On April 16, 2007, a gunman murdered 32 students and professors at Virginia Tech.Other mass shootings (including on college campuses) have followed, but the words "Virginia Tech" evoke a particular sense of the shock of what happened there in 2007.
A: The safety and well-being of everyone in the campus community must be a priority.
Universities should examine their complex systems to ensure they are responsive to the needs of students, faculty and staff -- and families. It needs to be tended and the product of communication with all involved.
Others may have taken some time, or been active at certain times and less so at others.
Three of the graduates I followed worked in advocacy over much of the decade after the shootings.
This goes beyond gun violence, given the many troubling issues facing colleges and universities.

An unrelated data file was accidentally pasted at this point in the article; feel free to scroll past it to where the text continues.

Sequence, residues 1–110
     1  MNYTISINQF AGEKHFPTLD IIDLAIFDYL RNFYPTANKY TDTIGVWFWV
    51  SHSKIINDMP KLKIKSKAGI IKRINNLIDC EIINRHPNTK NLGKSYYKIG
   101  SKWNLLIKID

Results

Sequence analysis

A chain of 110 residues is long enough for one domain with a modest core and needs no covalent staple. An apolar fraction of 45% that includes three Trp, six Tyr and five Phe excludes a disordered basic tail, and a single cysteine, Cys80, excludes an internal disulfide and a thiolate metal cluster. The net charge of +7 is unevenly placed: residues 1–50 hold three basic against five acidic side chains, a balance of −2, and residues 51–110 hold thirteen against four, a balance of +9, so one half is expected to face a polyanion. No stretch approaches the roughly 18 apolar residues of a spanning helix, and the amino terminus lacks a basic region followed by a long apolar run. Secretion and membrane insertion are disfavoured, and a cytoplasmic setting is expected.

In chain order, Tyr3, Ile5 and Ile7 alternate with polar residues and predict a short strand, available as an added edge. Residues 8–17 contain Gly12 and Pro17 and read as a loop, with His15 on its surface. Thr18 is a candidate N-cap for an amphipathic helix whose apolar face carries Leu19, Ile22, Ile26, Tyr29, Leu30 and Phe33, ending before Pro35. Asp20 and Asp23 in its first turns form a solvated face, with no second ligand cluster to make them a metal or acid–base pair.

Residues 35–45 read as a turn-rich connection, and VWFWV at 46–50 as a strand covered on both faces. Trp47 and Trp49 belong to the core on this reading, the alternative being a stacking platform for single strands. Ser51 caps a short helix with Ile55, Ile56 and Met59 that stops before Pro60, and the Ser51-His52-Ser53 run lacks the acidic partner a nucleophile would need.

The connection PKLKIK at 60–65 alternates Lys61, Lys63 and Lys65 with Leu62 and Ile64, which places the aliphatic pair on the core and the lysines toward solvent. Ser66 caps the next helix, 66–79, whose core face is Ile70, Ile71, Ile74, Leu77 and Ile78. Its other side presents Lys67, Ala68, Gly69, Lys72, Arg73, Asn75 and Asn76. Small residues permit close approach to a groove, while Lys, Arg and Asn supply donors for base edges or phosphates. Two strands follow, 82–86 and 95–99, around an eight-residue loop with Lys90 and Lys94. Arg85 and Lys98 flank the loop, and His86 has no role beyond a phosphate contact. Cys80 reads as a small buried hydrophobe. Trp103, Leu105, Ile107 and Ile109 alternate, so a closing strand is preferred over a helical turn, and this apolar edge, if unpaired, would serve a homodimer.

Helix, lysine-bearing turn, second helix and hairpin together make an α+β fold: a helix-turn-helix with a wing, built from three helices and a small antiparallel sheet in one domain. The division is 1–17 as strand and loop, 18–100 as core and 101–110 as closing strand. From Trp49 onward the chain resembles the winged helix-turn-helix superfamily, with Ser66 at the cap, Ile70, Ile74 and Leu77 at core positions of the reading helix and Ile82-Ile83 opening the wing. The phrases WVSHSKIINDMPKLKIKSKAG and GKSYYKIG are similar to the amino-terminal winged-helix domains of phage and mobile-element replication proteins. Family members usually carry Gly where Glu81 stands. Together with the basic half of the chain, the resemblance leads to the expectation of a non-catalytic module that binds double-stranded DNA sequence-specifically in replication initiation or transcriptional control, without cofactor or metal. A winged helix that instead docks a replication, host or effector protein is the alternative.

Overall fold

Q: Campus carry has spread in the years since Virginia Tech (and many other shootings).Via email, he responded to questions about the book.Q: What do you see as the key evolution you document of many of the survivors and family members of the slain at Virginia Tech in terms of how they responded?Activities have included displays from the huge collection of memorial tributes and items from around the world that are under the care of the university’s archivist.Among these tributes is an oversized, wood-bound book of condolences sent to Tech in 2007 from Marjory Stoneman Douglas High School.A timely notice when there is a threat -- which was delayed at Virginia Tech -- would now seem to be a given.Likewise, the establishment of threat-assessment teams gives colleges and universities an organized way to intervene before a problem becomes an emergency.A: It’s impossible to generalize about the experiences of survivors, especially in a community as large and diverse as Virginia Tech.Some of the survivors whose work I reported on in this book came to advocacy very soon after the shootings.The university initially canceled classes for its annual Day of Remembrance, but resumed a regular schedule in 2012.The annual remembrance continues, however, and includes a memorial 3.2-mile run and walk.